(UPDATED, 2:45 p.m., with comment from Sanders.)
The University of Idaho and a former law professor have reached a $750,000 settlement, resolving a race and gender discrimination lawsuit.
The settlement was finalized in U.S. District Court earlier this week.
Shaakirrah Sanders joined the U of I’s law school faculty in 2011, and in 2018, she was the first African-American descendant of slaves to become a full law school professor at the university.
But in June 2019, she sued the university, saying she was “subjected to insulting, humiliating and/or discriminatory conduct related to her gender or race.” She also said she was subject to workplace discrimination — such as changes in teaching assignments, a delay in her sabbatical, and a focus on negative student reviews, as opposed to positive reviews.
“The university acted with deliberate indifference toward its obligation to make employment decisions including promotions without regard to race and/or gender,” the lawsuit stated.
The U of I and former law school deans Mark Adams and Jerrold Long denied all wrongdoing. The case went to trial in October 2022, but a jury could not reach a verdict.
But this week, both parties agreed on a joint statement, filed with the federal court: “The parties have agreed the best path forward is a resolution that allows an end to this litigation.”
The settlement also calls for the U of I to develop a policy prohibiting the video or audio recording of faculty, staff or students without prior consent.
In a news release, Sanders said she pursued a lawsuit to create a record of her experiences at the U of I.
“During my tenure, I taught in a law school building that depicted the lynching of Native Americans while the college declined to investigate and failed to adequately address multiple reports of gender and racially derogatory behavior at the law school,” Sanders said. “With this settlement I have the space for peace, healing, and restoration.”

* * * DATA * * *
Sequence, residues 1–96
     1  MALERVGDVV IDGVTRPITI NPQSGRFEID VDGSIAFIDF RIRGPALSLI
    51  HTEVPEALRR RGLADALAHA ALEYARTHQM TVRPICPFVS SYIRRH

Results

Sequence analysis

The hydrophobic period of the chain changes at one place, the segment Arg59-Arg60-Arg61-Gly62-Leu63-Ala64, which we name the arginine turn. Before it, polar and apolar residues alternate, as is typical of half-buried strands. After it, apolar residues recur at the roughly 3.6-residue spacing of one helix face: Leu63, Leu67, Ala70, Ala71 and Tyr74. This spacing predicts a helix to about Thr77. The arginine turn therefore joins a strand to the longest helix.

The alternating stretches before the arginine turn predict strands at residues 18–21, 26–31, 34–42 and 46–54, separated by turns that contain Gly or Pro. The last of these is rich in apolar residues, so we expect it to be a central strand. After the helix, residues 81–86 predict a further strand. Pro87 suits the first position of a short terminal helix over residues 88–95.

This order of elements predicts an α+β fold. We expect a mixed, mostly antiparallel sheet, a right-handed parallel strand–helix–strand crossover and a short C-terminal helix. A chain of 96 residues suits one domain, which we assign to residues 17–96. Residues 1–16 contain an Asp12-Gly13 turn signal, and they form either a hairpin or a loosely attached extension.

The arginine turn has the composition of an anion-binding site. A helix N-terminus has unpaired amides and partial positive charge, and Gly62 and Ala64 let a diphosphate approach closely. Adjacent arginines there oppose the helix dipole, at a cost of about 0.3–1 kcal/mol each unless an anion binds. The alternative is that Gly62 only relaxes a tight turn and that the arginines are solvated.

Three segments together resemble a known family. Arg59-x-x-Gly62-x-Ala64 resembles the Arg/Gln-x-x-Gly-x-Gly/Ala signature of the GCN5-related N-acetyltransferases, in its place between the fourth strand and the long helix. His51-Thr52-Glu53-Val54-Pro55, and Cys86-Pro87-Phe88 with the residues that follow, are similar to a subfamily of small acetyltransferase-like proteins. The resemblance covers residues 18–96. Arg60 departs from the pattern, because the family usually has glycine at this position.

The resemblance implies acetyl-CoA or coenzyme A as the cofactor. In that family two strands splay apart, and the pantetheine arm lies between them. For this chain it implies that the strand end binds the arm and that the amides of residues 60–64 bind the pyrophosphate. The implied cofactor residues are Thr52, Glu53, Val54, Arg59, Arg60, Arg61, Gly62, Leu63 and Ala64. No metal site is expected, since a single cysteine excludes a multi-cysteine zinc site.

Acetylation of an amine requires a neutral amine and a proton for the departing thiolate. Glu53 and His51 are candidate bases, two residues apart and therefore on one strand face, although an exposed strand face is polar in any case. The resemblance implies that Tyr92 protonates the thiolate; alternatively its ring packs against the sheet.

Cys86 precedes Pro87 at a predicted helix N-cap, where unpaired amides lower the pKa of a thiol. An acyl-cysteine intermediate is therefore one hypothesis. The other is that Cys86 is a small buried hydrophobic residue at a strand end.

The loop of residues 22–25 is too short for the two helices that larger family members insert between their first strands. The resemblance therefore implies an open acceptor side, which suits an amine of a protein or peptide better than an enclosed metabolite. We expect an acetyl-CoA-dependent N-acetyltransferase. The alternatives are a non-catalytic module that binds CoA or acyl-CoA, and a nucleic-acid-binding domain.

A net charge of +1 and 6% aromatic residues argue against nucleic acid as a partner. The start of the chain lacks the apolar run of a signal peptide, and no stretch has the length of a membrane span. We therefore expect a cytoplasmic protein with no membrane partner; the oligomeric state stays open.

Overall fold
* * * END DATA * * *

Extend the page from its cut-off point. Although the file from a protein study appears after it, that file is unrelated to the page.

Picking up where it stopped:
The university issued its own statement Thursday: “For the University of Idaho, this settlement is a business decision and in the best interest of our students, the university and the state of Idaho. Litigation costs money and time as well as creates the potential for ongoing distraction to employees and students. We wish Professor Sanders the best in her future endeavors.”
Sanders left the U of I in July for a professor and associate’s dean position at Penn State Dickinson Law.
The $750,000 includes damages, attorney’s fees and $44,736 to cover disputed and denied wages.
While the settlement became final this week — with an order U.S. District Judge B. Lynn Winmill signed Wednesday — the details have been in the works for some time. And it appears that the settlement already has the blessing of the State Board of Education, which serves as the U of I’s board of regents.
In an Aug. 4 court filing, attorneys for the defendants said the parties had reached “an agreement in principle” on a settlement, and they said the State Board would meet no later than Aug. 23 to consider the agreement.
After meeting in a closed-door executive session on Aug. 23, the board publicly agreed to a settlement involving an unidentified former U of I employee. No details were discussed in open session, but under State Board policy, the board must approve any settlements exceeding $200,000.
State Board spokesman Mike Keckler said he could not confirm that the Aug. 23 settlement involved Sanders.
More about the settlement from Laura Guido of the Idaho Press.